So we’re stuck in/by Red Bluff. They’re kinda unfriendly around here (that will offend someone lol). I didn’t particularly want to come here and almost left on foot when my car was taken over. We got dragged all over NorCal ending in a standoff at the walmart where they wouldn’t give back my car. I was never in any real danger and am fine, thanks for asking. John too. He wasn’t even there much. Well, I’ll tell the full story later.
I say stuck but we could get “home”. A friend who mostly was blog comments has become a dear rl friend and would lend me gas money but … we’re homeless and it’s spring break. We are home.
John takes the homelessness in stride for the most part. He just told me he was going to his bedroom and crawled in the trunk. We easily make friends anywhere, but he doesn’t like it much here either. I used to struggle a lot when I was young, making friends, but I decided to figure it out and here’s my formula: go someplace the majority if the city visits… Walmart, post office, and sit. Talk to whoever walks by, if they’ll talk to you. Accept all friends as they are or move along.
That’s it. If you’re good at approaching people at all you’re good. If you’re super off-putting give it a week. People that rob you or hold your car hostage need not apply.
Except it’s some of the worst people who teach you the biggest lessons. My car thief is who has taught me the most about unconditional love.
Awhile back I nearly went into a coma after being poisoned by DMT. Bryon, who is still furious I’m sure, asked if I had learned my lesson. “Nope” I replied, grinning. Not at all. He made no further comment. He knew I would continue to befriend homeless teens that may put me in danger. Life is dangerous, and those young souls beautiful, and lost.
But _____ is hopeless. They choose that life. Fill in the blank. Addict, homeless, unemployed. Sometimes they offer reasons. Evidence people are purposely living wrong. So what? I want to see the proof they had a choice.
In spite of rumors I’m just really weird, not an addict, but I am now homeless. My friend says to write about it but it’s so hard. I’m embarrassed. Humiliated. But where is this shame really coming from?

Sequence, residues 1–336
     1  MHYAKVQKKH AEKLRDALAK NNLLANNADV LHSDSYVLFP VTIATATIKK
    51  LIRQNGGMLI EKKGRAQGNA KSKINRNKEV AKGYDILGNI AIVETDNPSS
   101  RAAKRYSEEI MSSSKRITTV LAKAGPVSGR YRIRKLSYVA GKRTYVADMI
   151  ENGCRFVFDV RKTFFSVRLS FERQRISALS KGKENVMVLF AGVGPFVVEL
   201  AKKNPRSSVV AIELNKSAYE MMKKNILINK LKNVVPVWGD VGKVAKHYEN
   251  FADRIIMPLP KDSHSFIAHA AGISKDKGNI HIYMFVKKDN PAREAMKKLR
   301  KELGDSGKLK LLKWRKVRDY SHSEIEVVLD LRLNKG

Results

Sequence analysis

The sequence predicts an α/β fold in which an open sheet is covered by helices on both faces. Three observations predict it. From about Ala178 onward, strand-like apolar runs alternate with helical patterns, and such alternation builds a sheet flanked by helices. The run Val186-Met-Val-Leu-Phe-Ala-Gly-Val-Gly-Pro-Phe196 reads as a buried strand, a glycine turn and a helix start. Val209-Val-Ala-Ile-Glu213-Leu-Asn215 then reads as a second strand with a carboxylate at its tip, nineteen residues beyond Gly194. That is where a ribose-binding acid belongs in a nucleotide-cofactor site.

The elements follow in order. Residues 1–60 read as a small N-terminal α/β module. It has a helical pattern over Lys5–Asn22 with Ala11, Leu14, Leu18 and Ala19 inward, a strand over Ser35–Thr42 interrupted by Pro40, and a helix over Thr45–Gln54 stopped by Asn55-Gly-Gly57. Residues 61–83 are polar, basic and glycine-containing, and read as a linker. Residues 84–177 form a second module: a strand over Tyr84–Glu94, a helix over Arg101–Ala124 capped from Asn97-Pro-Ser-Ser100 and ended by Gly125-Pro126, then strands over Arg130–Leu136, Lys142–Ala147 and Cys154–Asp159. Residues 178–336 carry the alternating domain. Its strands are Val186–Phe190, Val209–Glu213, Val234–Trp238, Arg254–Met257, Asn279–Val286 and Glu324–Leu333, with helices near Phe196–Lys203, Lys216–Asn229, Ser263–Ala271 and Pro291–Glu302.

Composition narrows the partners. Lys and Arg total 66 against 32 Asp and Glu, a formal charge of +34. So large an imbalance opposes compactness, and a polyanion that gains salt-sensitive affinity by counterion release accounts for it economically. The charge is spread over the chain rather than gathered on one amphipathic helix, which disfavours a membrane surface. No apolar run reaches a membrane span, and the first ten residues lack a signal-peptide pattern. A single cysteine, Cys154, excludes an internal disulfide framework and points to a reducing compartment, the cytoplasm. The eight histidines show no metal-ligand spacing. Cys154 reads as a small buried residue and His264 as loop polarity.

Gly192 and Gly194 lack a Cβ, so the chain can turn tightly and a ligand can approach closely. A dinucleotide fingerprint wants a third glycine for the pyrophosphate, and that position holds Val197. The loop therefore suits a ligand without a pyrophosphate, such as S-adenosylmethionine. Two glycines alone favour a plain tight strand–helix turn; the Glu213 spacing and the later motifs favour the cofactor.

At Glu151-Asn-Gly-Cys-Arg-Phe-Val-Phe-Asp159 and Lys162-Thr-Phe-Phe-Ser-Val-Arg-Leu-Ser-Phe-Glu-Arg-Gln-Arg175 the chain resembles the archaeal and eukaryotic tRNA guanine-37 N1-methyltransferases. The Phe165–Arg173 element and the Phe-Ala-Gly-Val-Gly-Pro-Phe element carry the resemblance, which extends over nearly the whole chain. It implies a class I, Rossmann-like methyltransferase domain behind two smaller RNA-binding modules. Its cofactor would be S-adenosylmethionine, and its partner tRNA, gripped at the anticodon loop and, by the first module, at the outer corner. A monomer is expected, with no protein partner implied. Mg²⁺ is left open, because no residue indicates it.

2 things the vast majority of my friends say to me is that I’m weird (thanks, assholes), and they ask why I’m their friend. The addicts always ask that one, their circle is usually pretty small.
I ask them if they knew what started the drug war. Who fired the first shots? The older ones reply Reagan usually so I nod and tell them about studies of rats they did. They gave a cage of rats 2 water bottles. One drugged, one not. The poor rats would drug themselves to death. Some doing nothing but taking the drug until they passed. Once started, they never stopped. Aha! One hit and you’re hooked we said.
Makes sense eh? But 20 years later some other scientists came along questioning things. “I’d drug myself too if I spent my whole life in a cage.” they agreed, so they tried it again, a little differently. They made rat Utopia. All the space, toys, and most importantly friends, a little rats heart could ever want. Then they put in the 2 bottles and guess what happened? Not a single rat died from an overdose. Most chose to not even partake. The ones that did probably had rat arthritis or a rough childhood. It happens. But does it? Just happen? Maybe create it. A self fulfilling prophecy. It takes a village but ours is at war with itself. And while we fight a war on opioids, what are we replacing them with? I’ll tell you what, meth.
At least that was the story of my first red bluff friends. I was sitting in front of circle k (free wifi,) working. John was in his bedroom lol sleeping. It was the middle of the night and a young couple walked by, “I love your hair.” she said. Score, possible friend. I’m not good at smalltalk so I made my head look like a stop sign. 😉 Eventually as the conversation usually goes at 2am when you’re tattood and in front of a liquor store, “What drugs are you on?” I tell them none really, I haven’t even been drunk for years. He replies he’s the same and I nod though he’s extremely skinny. I know that’s isn’t necessarily a sign of meth use they’re often fat. Which the woman is, and beautiful though her china doll skin has been picked at. She tells me about her pain and no way to escape it. I tell her I wish I could take it away and tell them I’m homeless, expecting to hear they’re the same. He tells me though they’re just night owls and like to wander a bit when it’s dark and quiet. I smile, me too. I ask if they don’t get scared and they don’t, do you? I’m not scared of anything I say.
So they left but I promised as soon as I was done working for the night to come by for breakfast and to meet their family. They eat really early they tell me but it’s a big deal on Sundays.
Later that morning I pulled into a perfectly arranged driveway, cute little picket fence and all. John starts clapping excitedly and I hear it, they’re singing. I peek in the big front bay window and see a picture straight out of a Norman Rockwell painting. Mom, dad, grandparents, kids, all gathered around a piano. And they’re singing gospel. My heart soars and sinks at the same time.
Dear lord, we’re getting things so very wrong.
I know people dedicate books not blog posts but I’ma start a new trend. So dedicated to Laurie Sullivan Roy who helps me puzzle out what acceptance really means and helps me remember since home is where the heart is we’re always home.